R.O.: For bars and coffee shops, my measure of success is if they have a coterie of regulars. It’s the regulars that make a place. When I used to travel a lot, I always found that the extent to which a city offered hospitality was found in a good tavern. When you find one, everybody’s friendly and you enjoy being there, and it’s the regular clientele that make a place like that. Hosting is really, really important. I go to a place where I like the food, and if I go in and there are more TV sets than people, I don’t go back. A lot of owners have the idea that either TV or loud music, there has to be something going on—and that’s all too true for a lot of people, but not everybody. I had friends in Duluth, Minnesota, and they’d go to a neighboring town to go to a bar. I went with them one time because I was curious, and it was dead quiet—they could sit and yak in the booth.
How have you seen cities change over time in ways that are more or less supportive of local bars and cafés and what they bring to a neighborhood?
R.O.: We’re a consumer society, and in some ways that’s an anti-community arrangement. We used to buy groceries and have a beer at corner places, but now that’s not the norm, and that’s been quite harmful. It was done to create a safe world for the chain stores, and a world in which every family needs at least one car. Sociologists have what we call the “use-value” of neighborhoods—what’s around it? What can you walk to? In our local paper, there’s a section on houses, and all the time the house is glowingly described, but there’s never a word of what’s around it.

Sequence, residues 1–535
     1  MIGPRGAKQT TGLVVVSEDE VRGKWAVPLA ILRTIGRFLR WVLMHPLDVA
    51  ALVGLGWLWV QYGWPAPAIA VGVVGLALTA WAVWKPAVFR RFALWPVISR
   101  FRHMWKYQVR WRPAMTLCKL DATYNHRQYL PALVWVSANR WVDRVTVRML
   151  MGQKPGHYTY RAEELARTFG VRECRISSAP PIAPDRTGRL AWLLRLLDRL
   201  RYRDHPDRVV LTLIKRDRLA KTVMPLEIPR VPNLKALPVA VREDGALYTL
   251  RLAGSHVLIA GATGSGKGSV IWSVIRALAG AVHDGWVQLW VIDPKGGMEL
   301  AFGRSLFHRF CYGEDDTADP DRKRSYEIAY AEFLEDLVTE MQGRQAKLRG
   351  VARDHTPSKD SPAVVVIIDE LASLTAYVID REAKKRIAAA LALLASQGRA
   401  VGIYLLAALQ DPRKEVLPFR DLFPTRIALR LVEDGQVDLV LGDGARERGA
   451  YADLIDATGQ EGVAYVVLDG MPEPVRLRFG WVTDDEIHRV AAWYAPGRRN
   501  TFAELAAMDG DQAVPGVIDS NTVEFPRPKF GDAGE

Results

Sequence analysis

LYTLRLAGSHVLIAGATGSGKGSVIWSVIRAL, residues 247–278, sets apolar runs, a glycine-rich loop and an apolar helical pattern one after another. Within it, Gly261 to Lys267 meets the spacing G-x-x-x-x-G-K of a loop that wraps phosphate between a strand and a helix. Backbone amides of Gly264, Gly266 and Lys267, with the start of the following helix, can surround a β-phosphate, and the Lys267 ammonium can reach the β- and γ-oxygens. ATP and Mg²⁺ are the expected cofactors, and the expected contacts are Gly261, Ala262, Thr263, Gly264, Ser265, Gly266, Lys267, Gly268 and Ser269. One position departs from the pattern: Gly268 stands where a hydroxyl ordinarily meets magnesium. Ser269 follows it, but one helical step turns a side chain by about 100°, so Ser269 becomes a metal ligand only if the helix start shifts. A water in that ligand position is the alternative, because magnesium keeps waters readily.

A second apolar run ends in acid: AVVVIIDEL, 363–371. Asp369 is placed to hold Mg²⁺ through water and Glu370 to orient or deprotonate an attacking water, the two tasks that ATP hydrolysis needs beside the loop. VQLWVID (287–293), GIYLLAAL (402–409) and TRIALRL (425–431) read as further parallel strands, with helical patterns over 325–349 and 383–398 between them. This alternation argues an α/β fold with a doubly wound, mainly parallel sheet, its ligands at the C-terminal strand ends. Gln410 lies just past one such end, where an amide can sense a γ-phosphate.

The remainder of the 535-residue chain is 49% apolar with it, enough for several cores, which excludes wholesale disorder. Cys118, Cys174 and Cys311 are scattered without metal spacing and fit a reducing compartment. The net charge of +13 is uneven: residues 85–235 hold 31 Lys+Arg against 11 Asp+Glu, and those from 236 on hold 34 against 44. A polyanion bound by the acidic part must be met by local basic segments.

When you first moved to a subdivision in Florida, you converted your garage into an informal bar since nothing else was available—you made your own Third Place for friends and neighbors. Is that still going?
R.O.: I’m 84 now, and my pool game isn’t what it used to be. I got rid of the pool table and have a beautiful piece of mahogany furniture that holds 83 bottles of booze. I’ve got beer in the fridge and wine on hand, and the great thing is my wife uses it, too—she’s a portrait artist, and she filled one wall with her paintings. Friends come over twice a week; we have regular groups. We don’t do it much anymore, but we used to entertain neighbors a lot—and I even added on a little hidden spot at one point to step away to if I needed, because some people are so boring they’ll kill you as you stand there.
Many American downtowns are changing—cities are promoting livable downtowns, but prices are also going up, driving out some older bars and restaurants. How can these cities keep the Third Place idea alive?
R.O.: Money rules. I recall years ago in Colorado, a big-name movie star would move into a beautiful mountain community, and within 10 years, nobody could afford to live there anymore. It’s just awful. In some cities today, people are upset because they live near people who don’t have as much money as they do—but that’s a wonderful thing. But something positive has happened. Not long ago, some friends bought a little house, and they selected it because every evening they could walk to the pub and have one or two beers and talk to people, meet their neighbors. If you choose your own friends all the time, they’ll be too much like you. But if you go to another place, you have no control over who’s around you, and that’s the beauty of it—that’s the charm.